Elleni Centime Zeleke
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The research questions in this book were first raised through conversations with my aunt Tutu (Ruphael) Imru. Tutu had spent most of her career working as both an image archivist at Ethiopian Television and a librarian at the Ethiopian Herald. She was also the first person to teach me how to read the sediments of the past in the present. She blew beautiful smoke rings and once revelled with Nina Simone. This manuscript was written in memory of her life and for my aunts Hirut and Yodit too. They all made that extra effort to teach me something about living well.

Over the years many colleagues have read much of my writing and debated many of the ideas contained within this book. In my home department, Middle Eastern, South Asian and African Studies at Columbia University, I have found a warm home for the ongoing development of my ideas: Tim Mitchell paid close attention to my writing style and helped me see where I needed to revise the manuscript; both Tim Mitchell and Mamadou Diouf also asked crucial questions about my project that helped me reformulate the entire framing of the book; Gil Anidjar provided good advice about how to move through the publishing process, while conversations with Mahmood Mamdani allowed me to clarify the stakes of my project. At Whitman College, where I spent two years as an assistant professor, Timothy Kaufman-Osborn read my entire manuscript when I was at a loss as to how to begin revisions, and Arash Davari was a formidable interlocutor who helped me build the confidence to believe in my project as a useful contribution to post-colonial political theory. Dagmawi Woubshet at the University of Pennsylvania provided inspiration, instruction and conversation on living the academic life while also speaking to multiple audiences. Lee Cassanelli, the General Editor of the Journal of North East African Studies, provided useful editorial advice when I submitted an early version of Chapter Four for review and eventual publication. Jonathan Adjemian not only read every chapter of this book multiple times but also helped enter bibliographic information into Zotero and basically sped up the process for getting the manuscript into a presentable form. I want to thank Erin MacLeod for demonstrating a way to effectively bring together modern citation systems and the Ethiopian naming system. I have followed Erin MacLeod’s example in this book. Sebastian Budgen and Danny Hayward, two of the editors at the Historical Materialism book series, have been patient and generous with me throughout the revision process.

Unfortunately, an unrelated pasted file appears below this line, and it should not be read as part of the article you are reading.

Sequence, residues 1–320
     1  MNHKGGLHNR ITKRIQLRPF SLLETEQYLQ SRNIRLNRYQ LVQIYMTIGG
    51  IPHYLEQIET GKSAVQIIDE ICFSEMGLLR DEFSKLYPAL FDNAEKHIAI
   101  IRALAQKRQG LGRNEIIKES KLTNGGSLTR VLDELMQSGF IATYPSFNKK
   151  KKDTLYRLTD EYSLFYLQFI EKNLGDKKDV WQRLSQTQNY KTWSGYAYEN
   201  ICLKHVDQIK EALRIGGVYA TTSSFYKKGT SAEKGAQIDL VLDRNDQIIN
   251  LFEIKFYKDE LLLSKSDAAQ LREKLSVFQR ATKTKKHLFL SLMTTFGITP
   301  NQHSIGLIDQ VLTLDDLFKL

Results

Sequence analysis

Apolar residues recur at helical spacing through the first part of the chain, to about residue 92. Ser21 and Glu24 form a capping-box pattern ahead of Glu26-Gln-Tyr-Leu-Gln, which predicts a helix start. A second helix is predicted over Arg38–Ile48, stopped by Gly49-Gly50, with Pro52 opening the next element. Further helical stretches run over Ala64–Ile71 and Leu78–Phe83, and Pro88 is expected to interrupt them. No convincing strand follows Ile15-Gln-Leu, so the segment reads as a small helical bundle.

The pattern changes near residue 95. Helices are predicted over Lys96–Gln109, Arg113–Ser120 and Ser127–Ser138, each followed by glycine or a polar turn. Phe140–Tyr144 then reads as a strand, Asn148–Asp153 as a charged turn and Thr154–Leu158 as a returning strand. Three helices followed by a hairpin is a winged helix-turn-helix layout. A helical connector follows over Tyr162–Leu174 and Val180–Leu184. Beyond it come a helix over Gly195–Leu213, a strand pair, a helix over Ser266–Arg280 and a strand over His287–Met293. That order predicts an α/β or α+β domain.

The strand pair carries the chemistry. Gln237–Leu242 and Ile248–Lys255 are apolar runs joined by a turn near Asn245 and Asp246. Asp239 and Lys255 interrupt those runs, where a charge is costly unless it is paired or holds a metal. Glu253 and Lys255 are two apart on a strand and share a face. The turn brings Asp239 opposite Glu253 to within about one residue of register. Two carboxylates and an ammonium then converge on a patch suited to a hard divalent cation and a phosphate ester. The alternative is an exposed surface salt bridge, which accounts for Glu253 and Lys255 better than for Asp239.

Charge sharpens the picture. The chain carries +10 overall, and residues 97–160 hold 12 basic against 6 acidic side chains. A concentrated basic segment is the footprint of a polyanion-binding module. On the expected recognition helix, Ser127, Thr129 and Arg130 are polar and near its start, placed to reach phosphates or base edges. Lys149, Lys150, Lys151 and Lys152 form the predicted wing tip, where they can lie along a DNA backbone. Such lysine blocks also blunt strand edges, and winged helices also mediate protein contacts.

This book project began as a PhD dissertation in the Graduate Program in Social and Political Thought at York University (Toronto). Everything I learnt in those years was with a vibrant community of thinkers including Travis Fast, Rade Zinaic, Rob Heynen, Sue Brophy, Bojana Videkanic, Neil Braganza, Gabe Levine, Kathy Kiloh, Aaron Kamugisha, Ayesha Hameed, David McNally and Pablo Idahosa. During my time at York I was grateful to have received a Doctoral Research Award from the International Development Research Centre (Canada) in order to conduct field research in Ethiopia. During my time in Ethiopia I was affiliated with the Institute of Ethiopian Studies (IES) at Addis Ababa University. Elizabeth Wolde-Giorgis, who was the Director of IES at the time, made resources easily available to me and generally welcomed me with open arms. This manuscript could not have been completed without her assistance. At the IES, I also taught a class on theory and method in African Studies. Through this class I was given the opportunity to meet many inspiring students, some of whom have now gone on to write interesting dissertations of their own. In the end we became a community of supportive learners who taught each other so much about critical thinking in the Horn of Africa. In this regard I would especially like to thank Netsanet Michael and Serawit Bekele. Lastly, other communities of support must also be acknowledged, especially my childhood friends from Courida Park in Georgetown, Guyana, as well as those friends who brought me food and money when both were running short. This includes Asafa George, Loza Seifu, Monique Tamrat, Loulou Cherinet, Hillina Seife, Aisha Green, Marie-Jolie Rwigema, and Mohan Mishra, amongst many others.

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